Focused Ultrasound: What to Expect

Questions? Contact Us

If medications fail to relieve the symptoms of your movement disorder, you may have other options. Focused ultrasound is an innovative treatment that combines advanced imaging technology and high-energy sound waves to bring lasting relief.

Focused ultrasound for essential tremor has been researched through clinical trials at UVA since 2011.

About Focused Ultrasound

Here are some important things to know about focused ultrasound:

  • Essential tremor is currently the only neurological condition that we will treat with focused ultrasound. We're investigating if this procedure can help patients with other conditions, such as Parkinson’s disease and epilepsy. 
  • You may not be eligible for focused ultrasound if you have a pacemaker, kidney disease or can’t have an MRI. However, our team can help you find an alternative treatment, including deep brain stimulation.
  • The Food and Drug Administration (FDA) approved focused ultrasound for essential tremor in July 2016. This treatment is not currently covered by insurance. We're working with insurance companies to cover this procedure in the future. 
  • Focused ultrasound is available for other medical conditions, including uterine fibroids and to stop the spread of certain cancers (bone metastases). Learn more about focused ultrasound for uterine fibroids

The Focused Ultrasound Procedure

One focused ultrasound treatment is usually all it takes to significantly reduce tremors and help you return to everyday activities.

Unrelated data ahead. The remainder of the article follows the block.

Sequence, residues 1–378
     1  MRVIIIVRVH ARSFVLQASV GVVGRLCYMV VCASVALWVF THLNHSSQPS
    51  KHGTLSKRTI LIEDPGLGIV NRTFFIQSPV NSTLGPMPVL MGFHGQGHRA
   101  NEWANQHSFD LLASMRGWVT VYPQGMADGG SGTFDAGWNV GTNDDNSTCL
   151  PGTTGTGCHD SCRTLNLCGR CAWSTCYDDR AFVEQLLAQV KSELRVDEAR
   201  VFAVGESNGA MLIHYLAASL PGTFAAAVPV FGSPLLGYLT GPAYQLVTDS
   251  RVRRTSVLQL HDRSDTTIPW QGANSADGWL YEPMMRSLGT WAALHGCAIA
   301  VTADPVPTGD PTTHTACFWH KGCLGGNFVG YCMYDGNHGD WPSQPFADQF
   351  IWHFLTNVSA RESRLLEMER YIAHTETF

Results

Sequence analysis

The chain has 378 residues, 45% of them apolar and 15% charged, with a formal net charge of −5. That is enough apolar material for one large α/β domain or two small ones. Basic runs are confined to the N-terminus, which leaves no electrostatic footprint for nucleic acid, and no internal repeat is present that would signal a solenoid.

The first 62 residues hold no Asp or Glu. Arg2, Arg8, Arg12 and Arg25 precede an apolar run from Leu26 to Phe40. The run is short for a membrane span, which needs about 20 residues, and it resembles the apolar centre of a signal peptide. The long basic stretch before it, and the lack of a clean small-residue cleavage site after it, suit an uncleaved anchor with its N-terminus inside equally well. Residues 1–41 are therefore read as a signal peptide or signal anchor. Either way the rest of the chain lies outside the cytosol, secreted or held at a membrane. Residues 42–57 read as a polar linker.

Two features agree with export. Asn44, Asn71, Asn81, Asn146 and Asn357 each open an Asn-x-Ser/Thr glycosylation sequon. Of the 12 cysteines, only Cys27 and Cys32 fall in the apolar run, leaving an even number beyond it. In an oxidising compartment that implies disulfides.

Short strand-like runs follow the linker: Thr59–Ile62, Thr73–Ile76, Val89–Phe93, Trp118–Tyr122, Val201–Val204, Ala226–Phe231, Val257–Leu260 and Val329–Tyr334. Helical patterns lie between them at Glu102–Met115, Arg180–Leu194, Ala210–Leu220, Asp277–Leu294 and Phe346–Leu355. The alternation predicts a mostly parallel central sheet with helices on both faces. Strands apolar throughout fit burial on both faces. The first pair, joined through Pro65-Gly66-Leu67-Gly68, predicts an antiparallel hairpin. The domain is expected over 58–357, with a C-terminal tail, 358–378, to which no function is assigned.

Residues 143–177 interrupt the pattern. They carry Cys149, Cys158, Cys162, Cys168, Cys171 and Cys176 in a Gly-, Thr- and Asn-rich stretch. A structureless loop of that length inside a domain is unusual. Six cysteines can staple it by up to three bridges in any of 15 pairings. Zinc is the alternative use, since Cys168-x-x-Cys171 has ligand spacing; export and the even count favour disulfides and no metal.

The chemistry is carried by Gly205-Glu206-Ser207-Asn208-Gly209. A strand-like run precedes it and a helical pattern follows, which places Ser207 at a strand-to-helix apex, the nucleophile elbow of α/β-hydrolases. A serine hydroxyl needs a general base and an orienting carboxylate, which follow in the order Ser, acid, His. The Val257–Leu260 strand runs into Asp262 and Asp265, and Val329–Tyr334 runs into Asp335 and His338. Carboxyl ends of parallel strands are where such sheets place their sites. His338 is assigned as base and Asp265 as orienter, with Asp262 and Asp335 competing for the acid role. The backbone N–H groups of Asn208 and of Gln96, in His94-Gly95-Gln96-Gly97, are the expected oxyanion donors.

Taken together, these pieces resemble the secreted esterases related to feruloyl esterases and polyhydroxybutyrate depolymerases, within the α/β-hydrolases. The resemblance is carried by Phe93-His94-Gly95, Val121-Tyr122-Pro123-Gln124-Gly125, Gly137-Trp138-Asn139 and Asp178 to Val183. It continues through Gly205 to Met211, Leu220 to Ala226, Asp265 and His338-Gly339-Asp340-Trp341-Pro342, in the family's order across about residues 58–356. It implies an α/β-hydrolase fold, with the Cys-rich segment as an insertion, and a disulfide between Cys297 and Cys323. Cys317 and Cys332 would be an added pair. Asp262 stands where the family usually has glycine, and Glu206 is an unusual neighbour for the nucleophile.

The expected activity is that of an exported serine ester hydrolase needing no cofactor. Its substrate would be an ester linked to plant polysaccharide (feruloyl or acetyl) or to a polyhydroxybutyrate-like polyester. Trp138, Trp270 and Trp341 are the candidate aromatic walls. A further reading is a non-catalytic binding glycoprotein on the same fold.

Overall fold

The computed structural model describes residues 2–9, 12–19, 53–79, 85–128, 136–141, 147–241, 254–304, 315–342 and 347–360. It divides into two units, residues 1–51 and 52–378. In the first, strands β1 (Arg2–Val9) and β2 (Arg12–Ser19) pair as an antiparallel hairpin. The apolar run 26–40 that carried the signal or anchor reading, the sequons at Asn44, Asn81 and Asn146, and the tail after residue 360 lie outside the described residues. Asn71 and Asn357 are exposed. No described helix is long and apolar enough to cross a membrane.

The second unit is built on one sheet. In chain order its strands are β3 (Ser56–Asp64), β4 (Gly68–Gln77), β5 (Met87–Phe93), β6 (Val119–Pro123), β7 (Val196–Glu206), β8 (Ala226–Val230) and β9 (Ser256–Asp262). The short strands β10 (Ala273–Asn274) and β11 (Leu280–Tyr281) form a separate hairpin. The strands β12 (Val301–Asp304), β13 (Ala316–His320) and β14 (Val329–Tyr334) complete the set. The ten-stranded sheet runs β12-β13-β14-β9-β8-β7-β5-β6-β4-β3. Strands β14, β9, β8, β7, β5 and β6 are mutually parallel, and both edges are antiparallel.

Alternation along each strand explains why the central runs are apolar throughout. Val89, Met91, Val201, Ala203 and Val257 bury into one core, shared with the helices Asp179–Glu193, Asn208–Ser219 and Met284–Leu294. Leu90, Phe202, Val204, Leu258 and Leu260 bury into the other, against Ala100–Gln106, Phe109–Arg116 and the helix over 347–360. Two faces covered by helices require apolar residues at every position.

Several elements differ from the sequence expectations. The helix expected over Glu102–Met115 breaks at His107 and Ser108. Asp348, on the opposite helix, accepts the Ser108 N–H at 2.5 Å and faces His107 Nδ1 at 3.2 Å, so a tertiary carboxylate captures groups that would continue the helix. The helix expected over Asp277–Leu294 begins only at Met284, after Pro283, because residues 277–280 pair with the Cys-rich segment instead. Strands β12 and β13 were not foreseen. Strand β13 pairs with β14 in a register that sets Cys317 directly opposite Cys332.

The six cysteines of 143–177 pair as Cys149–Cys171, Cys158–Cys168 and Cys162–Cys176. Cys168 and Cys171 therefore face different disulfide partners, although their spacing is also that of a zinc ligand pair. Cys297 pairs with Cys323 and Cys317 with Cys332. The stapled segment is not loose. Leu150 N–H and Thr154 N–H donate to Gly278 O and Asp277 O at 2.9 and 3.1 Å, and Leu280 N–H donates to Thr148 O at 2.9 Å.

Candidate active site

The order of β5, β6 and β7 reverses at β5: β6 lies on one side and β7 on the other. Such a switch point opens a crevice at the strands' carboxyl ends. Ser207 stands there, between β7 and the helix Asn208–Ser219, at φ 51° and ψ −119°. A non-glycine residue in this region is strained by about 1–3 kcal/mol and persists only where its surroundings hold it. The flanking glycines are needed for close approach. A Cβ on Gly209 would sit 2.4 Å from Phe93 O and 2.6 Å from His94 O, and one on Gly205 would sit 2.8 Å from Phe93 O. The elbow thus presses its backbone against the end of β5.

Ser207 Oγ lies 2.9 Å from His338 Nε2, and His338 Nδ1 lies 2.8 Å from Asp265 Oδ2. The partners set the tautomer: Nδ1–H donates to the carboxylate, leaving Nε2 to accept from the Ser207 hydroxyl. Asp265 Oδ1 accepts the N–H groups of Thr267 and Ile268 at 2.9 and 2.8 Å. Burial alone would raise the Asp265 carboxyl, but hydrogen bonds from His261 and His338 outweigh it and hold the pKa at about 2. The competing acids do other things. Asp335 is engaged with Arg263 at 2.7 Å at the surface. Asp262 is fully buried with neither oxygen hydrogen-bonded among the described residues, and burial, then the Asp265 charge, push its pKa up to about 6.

What to expect:

  1. You lie on a table and we secure your head in a helmet-like device, called a transducer.
  2. The table rolls you into the MRI machine, which is a large hollow tube. If you're afraid of confined spaces, we can give you medication to help you relax. 
  3. The MRI scanner produces high-resolution images of your brain, which helps us pinpoint the area responsible for the tremor, called the thalamus.
  4. The transducer delivers over 1,000 beams of sound waves to the thalamus. Individual beams pass through the skull without any disruption. Where the beams intersect, they create heat (thermal ablation) that destroys the surrounding tissue.
  5. We monitor the location and intensity of your treatment. We may also ask you to perform simple tasks, such as moving your hands or fingers, during treatment. These safety checks help us ensure the success of your treatment.
  6. The effects of the procedure are immediate. You can expect to get up and move about right after your procedure.
  7. You may be able to go home the same day, or you may need to spend one night in the hospital.